the keyboard for a non-professionally trained musician.
With all this information, Menchaca's system was taught to 5000 students in Argentina and the
progress was really successful in a short time.
We don't use both of the systems in Public Education. Due to Lowell Mason's The better music
movement, shape notes weren't considered a noble art form. It wasn't included in the early curricula.
Menchaca's system was canceled because the inspector of Music rejected Menchaca's petition arguing
that it was not a universally accepted code.
With this little comparison of two notation systems we see that every educator have tried and

still tries to find a better way to teach and learn. In this both cases, they were effective in their own
style and in their own region. We must understand the different types of harmonies and methods to
improve our skills in theory and education. It should be essential for all music educators to know
different types of notation to comprehend and develop reading and learning music. This way it's more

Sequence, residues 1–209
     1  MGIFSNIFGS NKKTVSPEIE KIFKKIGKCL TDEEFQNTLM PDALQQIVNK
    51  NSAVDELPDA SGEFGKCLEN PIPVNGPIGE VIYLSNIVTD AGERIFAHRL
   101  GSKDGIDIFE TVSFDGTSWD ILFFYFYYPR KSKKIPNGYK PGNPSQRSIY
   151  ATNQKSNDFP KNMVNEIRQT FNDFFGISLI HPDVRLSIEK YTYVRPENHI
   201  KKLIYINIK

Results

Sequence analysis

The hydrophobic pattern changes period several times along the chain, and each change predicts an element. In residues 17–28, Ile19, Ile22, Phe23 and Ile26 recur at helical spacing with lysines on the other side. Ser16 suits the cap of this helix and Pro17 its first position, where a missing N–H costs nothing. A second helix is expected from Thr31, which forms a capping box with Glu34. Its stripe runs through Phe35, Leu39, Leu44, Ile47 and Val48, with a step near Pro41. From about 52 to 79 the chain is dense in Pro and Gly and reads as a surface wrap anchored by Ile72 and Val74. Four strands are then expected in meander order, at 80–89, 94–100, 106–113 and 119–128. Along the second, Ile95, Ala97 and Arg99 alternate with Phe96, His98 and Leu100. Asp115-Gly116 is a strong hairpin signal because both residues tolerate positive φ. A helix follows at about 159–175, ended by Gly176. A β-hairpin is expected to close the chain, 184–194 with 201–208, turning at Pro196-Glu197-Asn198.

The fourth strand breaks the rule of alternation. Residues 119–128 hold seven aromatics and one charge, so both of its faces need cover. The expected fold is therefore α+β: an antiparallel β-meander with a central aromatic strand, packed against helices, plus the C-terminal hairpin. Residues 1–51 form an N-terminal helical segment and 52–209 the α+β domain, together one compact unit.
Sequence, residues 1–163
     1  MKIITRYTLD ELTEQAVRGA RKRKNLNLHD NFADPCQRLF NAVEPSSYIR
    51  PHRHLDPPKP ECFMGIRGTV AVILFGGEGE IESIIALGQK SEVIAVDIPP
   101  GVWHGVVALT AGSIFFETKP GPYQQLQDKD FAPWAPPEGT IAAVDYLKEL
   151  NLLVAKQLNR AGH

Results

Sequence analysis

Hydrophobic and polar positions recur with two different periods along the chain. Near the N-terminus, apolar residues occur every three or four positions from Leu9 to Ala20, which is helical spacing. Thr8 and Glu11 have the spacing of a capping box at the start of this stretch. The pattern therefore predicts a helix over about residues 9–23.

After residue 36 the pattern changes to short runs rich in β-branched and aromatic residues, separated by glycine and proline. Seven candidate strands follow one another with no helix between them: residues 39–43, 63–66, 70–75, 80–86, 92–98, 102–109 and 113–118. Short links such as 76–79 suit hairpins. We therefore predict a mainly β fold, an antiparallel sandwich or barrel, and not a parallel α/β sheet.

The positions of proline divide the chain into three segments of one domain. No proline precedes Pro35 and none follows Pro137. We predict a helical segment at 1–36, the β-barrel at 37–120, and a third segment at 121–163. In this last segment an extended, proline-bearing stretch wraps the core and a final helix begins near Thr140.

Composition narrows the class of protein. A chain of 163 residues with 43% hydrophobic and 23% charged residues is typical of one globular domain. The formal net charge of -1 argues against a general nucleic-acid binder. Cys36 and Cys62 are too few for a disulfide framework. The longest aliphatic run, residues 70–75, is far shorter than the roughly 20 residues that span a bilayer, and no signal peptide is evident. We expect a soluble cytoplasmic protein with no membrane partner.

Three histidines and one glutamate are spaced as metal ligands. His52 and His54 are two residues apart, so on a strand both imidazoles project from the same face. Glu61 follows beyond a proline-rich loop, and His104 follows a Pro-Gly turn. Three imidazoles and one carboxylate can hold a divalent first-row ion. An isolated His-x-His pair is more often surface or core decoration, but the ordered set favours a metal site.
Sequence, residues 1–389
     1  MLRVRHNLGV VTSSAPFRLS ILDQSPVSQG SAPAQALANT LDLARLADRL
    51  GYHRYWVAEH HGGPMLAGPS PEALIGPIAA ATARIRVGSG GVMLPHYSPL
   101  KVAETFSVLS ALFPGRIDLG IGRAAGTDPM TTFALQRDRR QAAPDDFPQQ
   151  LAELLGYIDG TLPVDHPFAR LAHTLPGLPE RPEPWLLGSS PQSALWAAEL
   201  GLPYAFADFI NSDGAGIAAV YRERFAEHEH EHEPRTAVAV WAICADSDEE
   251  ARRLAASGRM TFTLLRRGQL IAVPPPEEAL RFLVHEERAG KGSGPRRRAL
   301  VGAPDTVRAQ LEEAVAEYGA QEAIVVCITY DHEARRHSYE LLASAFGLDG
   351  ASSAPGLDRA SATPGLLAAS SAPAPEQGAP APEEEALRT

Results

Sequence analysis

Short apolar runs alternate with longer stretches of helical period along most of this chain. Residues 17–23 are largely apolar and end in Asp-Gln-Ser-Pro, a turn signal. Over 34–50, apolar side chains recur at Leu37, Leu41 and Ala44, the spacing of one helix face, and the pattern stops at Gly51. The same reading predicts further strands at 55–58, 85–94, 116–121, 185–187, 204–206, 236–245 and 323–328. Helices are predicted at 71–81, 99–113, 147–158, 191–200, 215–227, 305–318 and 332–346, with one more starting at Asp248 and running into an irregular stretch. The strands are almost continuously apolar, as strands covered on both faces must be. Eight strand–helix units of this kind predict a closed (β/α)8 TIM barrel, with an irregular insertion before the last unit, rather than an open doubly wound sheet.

likely for educators to brighten students with knowledge of variant methods, not only with western
classical music traditions.
Even though Sacred Harp community still uses shape notes, they are not included in the public
education curriculum. Menchaca's notation system has been rejected, which hasn't been used for nearly
a century in the public schools. It is more likely there will be new theorists in that subject but hopefully,
one day we'll be able to find a perfect method to teach and understand the complexity of the music.

Grayson, Lisa. A Beginner's Guide to Shape-note Singing: Hints, Stories, Advice, and Minutiae.
Chicago, Ill. (1807 W. North Ave., Chicago, Ill. 60622): Chicago Sacred Harp Singers, 1994.
Frega, A. Lucia, de Couve, Alicia, and Dal Pino, Claudia. "Argentina: From 'Musica Vocal' to
'Educacion Artistica :Musica'" In The Origins and Foundations of Music Education Cross-cultural
Historical Studies of Music in Compulsory Schooling, 139-151. Edited by Gordon Cox, and Robin
Stevens. London: Bloomsbury Academic, 2010.
Menchaca, Angel. Sistema musical Menchaca. Buenos Aires: Sociedad Annima "Sistema Musical
Mark, Michael L., Charles L. Gary, and the National Association for Music Education (U.S.) MENC. A
history of American music education. 2007
Fernandez, Diana C. Una reforma de la notacin musical en la Argentina : Angel Menchaca y su
entorno. In Revista del Instituto de Investigacion Musicologica Carlos Vega.2001
Encyclopdia Britannica Online, s. v. "shape-note singing", accessed September 20, 2015,